It is not strange that the decisions relating to the time at which an objection may be made or a challenge interposed or waived are not uniform in various jurisdictions without legislative enactment. Some have held that the right of challenge is waived by pleading to the indictment or by going to trial, and in rare instances that the objection to the grand jury may be made after trial and upon appeal. If in the absence of statutory regulation the courts may determine the time within which the challenge must be made, the matter may be regulated by statute, and the legislature may provide that, if the challenge is not interposed within a reasonable time, it shall be waived, as has been done in this state, so long as the accused is not deprived of a fair opportunity to interpose a challenge. To allow the objection to be made after trial might necessitate the calling of a new grand jury and trial jury and the recalling of the witnesses, officers, and persons engaged in the trial. To allow the objection to be made after the indictment, as is sought to be done in this case, may necessitate the calling of a new grand jury. This is necessary only in cases where the accused has been indicted without being previously held to answer and where he could be given no opportunity to challenge the grand jury until after the indictment was returned, and the code has provided accordingly. (Rev. Laws, 7090.)

1. There is no good reason why an accused person should be allowed to wait until after an appeal or after a trial and the chance of securing a favorable verdict to challenge the grand jury, nor why the legislature may not provide that such challenges must be exercised earlier if a reasonable opportunity is given to interpose his objection to being deprived of his constitutional right or of being put on trial unless indicted by a legal grand jury. No one has any vested right in the common law, except in so far as it is carried into the constitution. By legislative enactment it is in force in this state when not in conflict with the constitution or statutes. As the decisions

[36 Nev. 417, Page 421]

constituting the common law regarding the time and method for taking objections to grand juries are conflicting, our legislature has wisely provided that a person who has been held to answer by a committing magistrate may by challenge interpose his objection to the grand jury at the time it is impaneled, and in no other mode. (Rev. Laws, 7004, 7005, 7010.)

No good reason is apparent for holding that this statute may not control such a matter of practice. This is evidently intended to give the accused person an opportunity, with fair diligence, to timely assert his constitutional rights and prevents the delay in the administration of justice and the useless expense which might be incurred if the challenges were allowed to be interposed after trial or after the grand jury has been impaneled, acted upon the case, and returned an indictment. The grand jury was drawn two weeks in advance, and it is not shown that with reasonable diligence or effort the accused could not have ascertained regarding the disqualification of grand jurors and interposed his challenges at the proper time. His absence while on bail when the grand jury was impaneled is no fault of the state.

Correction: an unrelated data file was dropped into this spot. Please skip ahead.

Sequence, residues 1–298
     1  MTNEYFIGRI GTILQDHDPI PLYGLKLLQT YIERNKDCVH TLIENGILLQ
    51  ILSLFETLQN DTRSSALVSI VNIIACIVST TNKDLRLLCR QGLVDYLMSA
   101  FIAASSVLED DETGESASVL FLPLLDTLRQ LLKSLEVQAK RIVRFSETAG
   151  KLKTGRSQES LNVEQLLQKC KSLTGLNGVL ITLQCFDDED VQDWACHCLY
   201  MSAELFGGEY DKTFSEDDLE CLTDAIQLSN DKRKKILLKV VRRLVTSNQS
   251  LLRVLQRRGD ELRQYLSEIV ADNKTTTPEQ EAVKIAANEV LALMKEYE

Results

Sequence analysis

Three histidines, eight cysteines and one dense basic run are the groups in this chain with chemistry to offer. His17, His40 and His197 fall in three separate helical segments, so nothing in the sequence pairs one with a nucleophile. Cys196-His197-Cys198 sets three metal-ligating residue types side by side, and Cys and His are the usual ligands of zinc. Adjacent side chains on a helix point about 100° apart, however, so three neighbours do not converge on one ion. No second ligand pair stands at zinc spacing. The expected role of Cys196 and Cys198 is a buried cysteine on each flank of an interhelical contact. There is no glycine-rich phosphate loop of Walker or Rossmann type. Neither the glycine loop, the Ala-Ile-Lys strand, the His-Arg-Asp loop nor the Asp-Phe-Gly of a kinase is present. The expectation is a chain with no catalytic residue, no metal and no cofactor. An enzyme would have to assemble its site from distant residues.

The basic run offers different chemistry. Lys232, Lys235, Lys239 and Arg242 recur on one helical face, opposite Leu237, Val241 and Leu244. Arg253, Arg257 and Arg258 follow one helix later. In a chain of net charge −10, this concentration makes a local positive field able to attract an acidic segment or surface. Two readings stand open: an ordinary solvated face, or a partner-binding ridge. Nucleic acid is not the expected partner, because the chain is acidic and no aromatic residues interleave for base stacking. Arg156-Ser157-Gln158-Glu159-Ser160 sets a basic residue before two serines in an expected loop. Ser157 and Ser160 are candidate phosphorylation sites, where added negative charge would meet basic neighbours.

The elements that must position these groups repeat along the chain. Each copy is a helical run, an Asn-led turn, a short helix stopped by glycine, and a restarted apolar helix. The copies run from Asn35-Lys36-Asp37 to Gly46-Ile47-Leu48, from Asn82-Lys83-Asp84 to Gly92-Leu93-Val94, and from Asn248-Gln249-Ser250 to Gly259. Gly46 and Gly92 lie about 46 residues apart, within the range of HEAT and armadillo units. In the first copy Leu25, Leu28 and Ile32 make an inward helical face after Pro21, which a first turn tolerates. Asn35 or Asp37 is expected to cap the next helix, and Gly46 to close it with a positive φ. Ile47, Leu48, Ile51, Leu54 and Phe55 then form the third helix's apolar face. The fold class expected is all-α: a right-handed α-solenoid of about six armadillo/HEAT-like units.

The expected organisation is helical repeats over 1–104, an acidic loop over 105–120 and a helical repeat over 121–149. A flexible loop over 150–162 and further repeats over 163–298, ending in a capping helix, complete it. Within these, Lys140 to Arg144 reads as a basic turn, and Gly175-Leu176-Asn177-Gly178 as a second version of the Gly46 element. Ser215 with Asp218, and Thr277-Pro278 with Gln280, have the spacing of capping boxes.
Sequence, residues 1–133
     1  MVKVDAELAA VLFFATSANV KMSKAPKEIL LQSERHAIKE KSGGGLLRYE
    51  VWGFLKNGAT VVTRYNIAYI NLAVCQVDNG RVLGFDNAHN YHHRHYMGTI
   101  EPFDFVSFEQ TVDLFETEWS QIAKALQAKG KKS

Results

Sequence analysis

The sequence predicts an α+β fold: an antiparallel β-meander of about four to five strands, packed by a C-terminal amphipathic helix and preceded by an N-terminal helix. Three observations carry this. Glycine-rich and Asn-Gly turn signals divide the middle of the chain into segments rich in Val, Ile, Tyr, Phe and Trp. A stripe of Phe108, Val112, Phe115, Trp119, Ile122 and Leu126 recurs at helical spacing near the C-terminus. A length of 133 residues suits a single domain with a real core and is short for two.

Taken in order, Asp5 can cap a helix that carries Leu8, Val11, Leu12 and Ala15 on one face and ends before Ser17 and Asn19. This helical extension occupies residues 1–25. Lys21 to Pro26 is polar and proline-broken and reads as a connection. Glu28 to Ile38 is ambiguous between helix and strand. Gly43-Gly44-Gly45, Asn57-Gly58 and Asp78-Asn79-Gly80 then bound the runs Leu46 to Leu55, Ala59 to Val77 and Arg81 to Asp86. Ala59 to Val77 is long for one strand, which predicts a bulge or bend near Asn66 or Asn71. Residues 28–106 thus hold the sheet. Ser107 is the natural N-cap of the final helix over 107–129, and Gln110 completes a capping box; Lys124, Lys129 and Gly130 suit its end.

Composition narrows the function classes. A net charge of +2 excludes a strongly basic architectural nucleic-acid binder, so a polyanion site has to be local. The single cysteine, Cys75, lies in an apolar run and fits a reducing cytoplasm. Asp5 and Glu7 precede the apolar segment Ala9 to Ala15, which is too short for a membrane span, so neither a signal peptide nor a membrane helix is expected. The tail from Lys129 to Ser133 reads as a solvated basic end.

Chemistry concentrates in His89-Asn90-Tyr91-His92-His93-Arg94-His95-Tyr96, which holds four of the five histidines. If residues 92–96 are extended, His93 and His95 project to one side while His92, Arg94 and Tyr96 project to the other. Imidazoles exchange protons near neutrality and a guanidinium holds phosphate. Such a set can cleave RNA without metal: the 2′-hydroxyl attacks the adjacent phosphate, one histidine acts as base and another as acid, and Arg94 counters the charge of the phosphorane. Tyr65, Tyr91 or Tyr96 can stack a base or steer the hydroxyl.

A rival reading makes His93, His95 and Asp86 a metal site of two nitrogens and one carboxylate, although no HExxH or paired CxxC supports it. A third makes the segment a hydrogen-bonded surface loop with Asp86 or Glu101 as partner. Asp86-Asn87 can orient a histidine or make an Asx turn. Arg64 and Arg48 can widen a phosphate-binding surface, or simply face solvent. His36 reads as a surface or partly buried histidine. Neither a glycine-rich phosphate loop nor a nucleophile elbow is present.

2. He was bound to know the specific provisions of the code, that challenges may be interposed at the time the grand jury is impaneled, and that objections to the grand jury or a member thereof can be made in no other mode. He was required to be present at all the proceedings in which he was interested, and he was as much bound to appear and interpose the challenges, or have his attorney do so, at the time the court asked if any were to be made, as persons who were brought into court by the sheriff for the purpose of giving them an opportunity to interpose challenges. At section 112, vol. 1, Bishop's New Criminal Procedure (2d ed.), that reliable author states: “Since accused persons may waive constitutional rights, they may doubtless, under some circumstances, waive the protection of this provision. They cannot when the effect would be to create a jurisdiction which the court did not otherwise possess, as to try one wholly without accusation. But formal objections

[36 Nev. 417, Page 422]

may by statute be required to be taken at an early stage of the proceeding, in the absence whereof they will be treated as waived.”

At section 996, 997, Bishop's New Criminal Law, it is said: “It is a doctrine to which there are few exceptions that a party in a cause may waive any right which the law has given him, even a constitutional one. The courts will refuse to hear objections to the persons composing the grand jury, or to the manner in which it is impaneled, after the case has been tried by the petit jury, or, indeed, after proceedings earlier than the trial.”